Sunday, 1 May 2011

Alfred, Lord Tennyson

The death centenary of Alfred, Lord Tennyson in 1992 produced four stamps which featuring the poet at different ages. I only have the one of the aged Tennyson in 1888, or should I say the poet in maturity?  The legends of the Morte d'Arthur have fascinated artists through the centuries and Tennyson was no exception. He had pondered over the retelling of the legend in his "Idylls of the King" for many years, working at it from time to time, one part influencing another. This stamp portrays the part that eventually appeared as 'Merlin and Vivien' with, in the corner, part of the Pre-Raphaelite painter Sir Edward Burne-Jones'  'The Beguiling of Merlin'.  Tennyson's poem starts

A storm was coming, but the winds were still,
And in the wild woods of Broceliande,
Before an oak, so hollow, huge and old
It looked a tower of ivied masonwork,
At Merlin's feet the wily Vivien lay.
The full Burne-Jones paintings, it does not end well for Merlin, for here he is trapped and entangled in a hawthorn while Nimue/Vivien reads his spells.  I have been lucky enough to see this painting as it hangs in the Lady Lever Art Gallery, not too far from where I live.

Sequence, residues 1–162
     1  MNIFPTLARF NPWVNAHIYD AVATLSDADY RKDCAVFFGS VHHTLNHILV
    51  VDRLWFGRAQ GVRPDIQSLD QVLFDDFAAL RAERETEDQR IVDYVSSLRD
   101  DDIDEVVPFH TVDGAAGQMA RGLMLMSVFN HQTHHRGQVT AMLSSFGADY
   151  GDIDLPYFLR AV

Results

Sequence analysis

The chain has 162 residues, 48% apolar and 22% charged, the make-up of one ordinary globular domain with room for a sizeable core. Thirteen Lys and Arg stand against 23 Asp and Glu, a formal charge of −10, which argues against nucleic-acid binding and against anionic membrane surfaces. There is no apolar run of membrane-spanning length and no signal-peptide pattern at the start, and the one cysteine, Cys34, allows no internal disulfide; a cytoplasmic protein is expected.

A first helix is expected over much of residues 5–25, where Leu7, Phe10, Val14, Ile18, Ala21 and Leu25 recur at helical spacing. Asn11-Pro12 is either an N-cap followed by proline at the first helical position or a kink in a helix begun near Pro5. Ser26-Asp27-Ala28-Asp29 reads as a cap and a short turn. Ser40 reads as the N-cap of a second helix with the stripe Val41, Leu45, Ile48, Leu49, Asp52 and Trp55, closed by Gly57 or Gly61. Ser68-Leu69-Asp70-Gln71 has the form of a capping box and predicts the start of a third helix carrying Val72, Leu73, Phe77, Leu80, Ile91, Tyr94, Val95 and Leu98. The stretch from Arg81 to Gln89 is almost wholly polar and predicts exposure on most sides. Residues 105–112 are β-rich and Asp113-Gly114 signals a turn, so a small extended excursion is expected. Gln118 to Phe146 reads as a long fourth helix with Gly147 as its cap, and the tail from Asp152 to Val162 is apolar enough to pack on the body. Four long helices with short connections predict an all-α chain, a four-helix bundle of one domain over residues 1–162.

An entry for Viridian's Sunday Stamps, the theme - Poets or Poetry. 


Bob Scotney said...

I was sure that I had some Tennyson stamps and was disappointed to find I was wrong. I never knew anything about the painting. Guess I shall have to visit the Lever Gallery.

Postcardy said...

I can appreciate the thought behind the stamp, but I think the stamp itself is ugly.

viridian said...

I have a different opinion, I think the stamp is beautiful, combining the photograph and part of the painting. We are all different and that keeps life interesting!
Thank you for participating.

Chris Overstreet said...

I like it too; it seems to evoke the idea that Tennyson was beguiled by the story.

Dorincard said...

Interesting...I have an oak (too) near my house, on Merlins Lane...:)

Sheila @ A Postcard a Day said...

I like the stamp too, and especially the painting. The name Broceliande has always fascinated me, one of those words I like to murmur to myself.